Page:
(a)   Unless the magnetism current required has been computed for the part placed centrally in the coil in accordance with Appendix II, parts must be placed adjacent to the inside surface of the coil.

(b)   Only those surfaces of the part within the coil and protruding not more than 0.25 mm either side of the coil must be inspected at any one time.

(c)   The pitch of the turns of the magnetising coil used must be as small as practicable.

  2.4     Magnetic flow method of magnetisation

(a)   The pole pieces of permanent magnets or electromagnets used for the magnetic flow method must be adjustable to conform with the surface of the part to be inspected so as to provide an area of contact as large as possible. The area of contact should be not less than the cross sectional area of the smallest component of the magnetic circuit.

(b)   To ensure a sufficient flux density for inspection, the surface to be inspected must first be magnetically saturated, as shown by furring. Saturation may be accomplished by adjusting the current through the coil of the electromagnet, in the case of a permanent magnet, adjusting the spacing of the pole pieces. The flux density should then be reduced until furring just disappears.

Note   For guidance, when permanent magnets or electromagnets without provision for varying the pole spacing are used, the pole spacings of magnets of 15 kg and 25 kg lift should not exceed 100 mm and 150 mm respectively.

3          Application of magnetic particles

  3.1     Wet continuous process

              The magnetic particle suspension must be applied to all surfaces of the part which are to be inspected. It must be flowed over the part to produce a smoothly flowing layer and must be applied immediately before and during magnetisation. The application must cease before magnetisation is terminated to avoid washing away lightly held flaw indications.

  3.2     Wet residual process

              After the part has been magnetised to saturation, the magnetic suspension must be applied. The application may be by flow coating but preferably by immersing, gently agitating and gently withdrawing the part from a well-mixed bath.

  3.3     Dry process

              The magnetic particles must be caused to be present as a cloudy suspension in air adjacent to all surfaces to be inspected while the part is being magnetised.

4          Inspection

     4.1     When non-fluorescent magnetic particles have been used, inspection must be undertaken under good conditions of white light illumination, providing an intensity of not less than 1080 lumen m­² or 100 foot candle, at the surface to be inspected, when measured with a Weston Light Meter, Model 703, type 51 or equivalent. Excessive reflection from polished surfaces must be avoided.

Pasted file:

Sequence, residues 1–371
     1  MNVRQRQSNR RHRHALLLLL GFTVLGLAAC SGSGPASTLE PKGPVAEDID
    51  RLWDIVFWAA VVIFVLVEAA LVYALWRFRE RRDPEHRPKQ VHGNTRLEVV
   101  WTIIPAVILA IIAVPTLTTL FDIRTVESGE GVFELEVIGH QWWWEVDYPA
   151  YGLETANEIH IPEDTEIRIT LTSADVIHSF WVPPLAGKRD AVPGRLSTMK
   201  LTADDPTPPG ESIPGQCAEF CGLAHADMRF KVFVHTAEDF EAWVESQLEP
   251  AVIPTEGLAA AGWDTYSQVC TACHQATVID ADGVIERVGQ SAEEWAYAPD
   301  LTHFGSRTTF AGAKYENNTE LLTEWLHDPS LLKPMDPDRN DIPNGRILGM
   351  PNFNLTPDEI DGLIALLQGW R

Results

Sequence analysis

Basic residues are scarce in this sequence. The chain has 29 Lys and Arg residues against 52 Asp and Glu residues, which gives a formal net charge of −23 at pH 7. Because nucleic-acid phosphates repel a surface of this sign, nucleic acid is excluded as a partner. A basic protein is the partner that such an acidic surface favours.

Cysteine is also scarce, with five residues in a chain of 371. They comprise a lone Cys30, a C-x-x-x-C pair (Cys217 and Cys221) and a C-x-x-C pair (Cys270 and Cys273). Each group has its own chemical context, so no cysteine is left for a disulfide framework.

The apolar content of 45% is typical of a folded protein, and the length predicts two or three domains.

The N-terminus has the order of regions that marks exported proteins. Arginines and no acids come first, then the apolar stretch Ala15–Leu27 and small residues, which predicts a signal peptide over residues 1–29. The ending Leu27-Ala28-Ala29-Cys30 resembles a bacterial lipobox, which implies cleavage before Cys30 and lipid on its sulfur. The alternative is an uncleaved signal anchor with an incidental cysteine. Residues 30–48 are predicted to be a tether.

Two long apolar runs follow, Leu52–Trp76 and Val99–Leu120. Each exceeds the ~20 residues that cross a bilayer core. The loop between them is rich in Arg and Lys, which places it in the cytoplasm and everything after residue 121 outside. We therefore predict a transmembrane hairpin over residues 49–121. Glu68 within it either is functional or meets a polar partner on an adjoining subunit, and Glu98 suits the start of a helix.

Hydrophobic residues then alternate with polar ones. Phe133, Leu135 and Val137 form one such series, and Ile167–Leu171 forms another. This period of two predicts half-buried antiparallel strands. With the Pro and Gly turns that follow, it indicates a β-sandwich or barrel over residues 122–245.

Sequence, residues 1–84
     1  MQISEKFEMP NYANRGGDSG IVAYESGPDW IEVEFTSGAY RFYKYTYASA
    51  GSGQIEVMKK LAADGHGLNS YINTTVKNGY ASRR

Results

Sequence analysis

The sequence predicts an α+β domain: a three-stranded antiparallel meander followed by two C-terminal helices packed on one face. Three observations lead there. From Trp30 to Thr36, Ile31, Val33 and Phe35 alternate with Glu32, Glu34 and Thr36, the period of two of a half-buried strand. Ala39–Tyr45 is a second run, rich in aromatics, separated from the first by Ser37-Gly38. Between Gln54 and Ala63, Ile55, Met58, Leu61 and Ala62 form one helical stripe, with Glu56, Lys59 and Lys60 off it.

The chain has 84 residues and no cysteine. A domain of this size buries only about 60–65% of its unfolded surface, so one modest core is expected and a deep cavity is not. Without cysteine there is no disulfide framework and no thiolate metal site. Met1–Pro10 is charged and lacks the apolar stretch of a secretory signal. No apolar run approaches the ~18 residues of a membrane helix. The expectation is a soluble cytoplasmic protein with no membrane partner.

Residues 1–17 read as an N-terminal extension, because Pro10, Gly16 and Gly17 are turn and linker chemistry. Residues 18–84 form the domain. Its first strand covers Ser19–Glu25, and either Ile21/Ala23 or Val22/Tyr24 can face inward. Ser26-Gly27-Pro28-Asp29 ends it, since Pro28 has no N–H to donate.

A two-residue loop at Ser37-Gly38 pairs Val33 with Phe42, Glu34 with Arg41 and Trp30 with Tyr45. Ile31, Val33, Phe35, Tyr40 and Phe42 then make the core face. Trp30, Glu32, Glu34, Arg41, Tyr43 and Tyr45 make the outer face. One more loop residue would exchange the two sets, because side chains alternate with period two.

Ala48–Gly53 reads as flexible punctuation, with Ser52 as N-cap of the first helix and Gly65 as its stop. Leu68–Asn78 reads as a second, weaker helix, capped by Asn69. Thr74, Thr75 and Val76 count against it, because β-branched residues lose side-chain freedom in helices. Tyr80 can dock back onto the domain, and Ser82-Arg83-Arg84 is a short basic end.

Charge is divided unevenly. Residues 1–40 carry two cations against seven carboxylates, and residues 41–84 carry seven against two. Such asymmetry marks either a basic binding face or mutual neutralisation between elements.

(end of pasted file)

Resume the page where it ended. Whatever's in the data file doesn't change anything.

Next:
4.2     When fluorescent magnetic particles have been used, parts must be inspected under ultraviolet light in conditions of darkness or near darkness. Inspection lamps must contain a filter to minimise the intensity of visible light and harmful ultraviolet light of wavelength less than 3,000A whilst permitting maximum transmission of ultraviolet light of wavelength approx. 3,650A.

     4.3     The intensity of ultraviolet light illumination at the surface to be inspected must be not less than 970 lumen m­² (735m Wcm­²) 90 foot candle when measured with a Weston Light Meter, Model 703, type 51 or equivalent or with an Ultraviolet Products Inc. Ultraviolet Meter, Model J-221 or equivalent.

     4.4     Before undertaking inspection in a darkened booth, a minimum period of 5 minutes must elapse after the inspector enters the booth to permit dark adaptation of his eyes.

5          Demagnetisation

     5.1     After final inspection and before final cleaning, all parts must be demagnetised.

     5.2     After demagnetisation, parts must be removed from the vicinity of the magnetising and demagnetising equipment to avoid remagnetisation.

     5.3     Ring shaped or very short components may require their effective magnetic shape to be changed by the use of extension pieces or shunts across their diameters, during demagnetisation, in order to achieve an acceptable degree of demagnetisation.

Appendix II

This Appendix specifies methods for computing magnetising current values for parts of essentially simple shape.

1          Circular magnetisation

     1.1     For circular magnetisation of round sections using current flow, the current used must be 30 amp. ac or 40 amp. dc per mm diameter. For non-circular sections, the current used must be 10 amp. ac or 13 amp. dc per mm of perimeter of the cross‑section.

     1.2     For circular magnetisation using the threading bar method, the current must be computed as in para. 1.1 above with respect to the outside diameter or periphery of the part.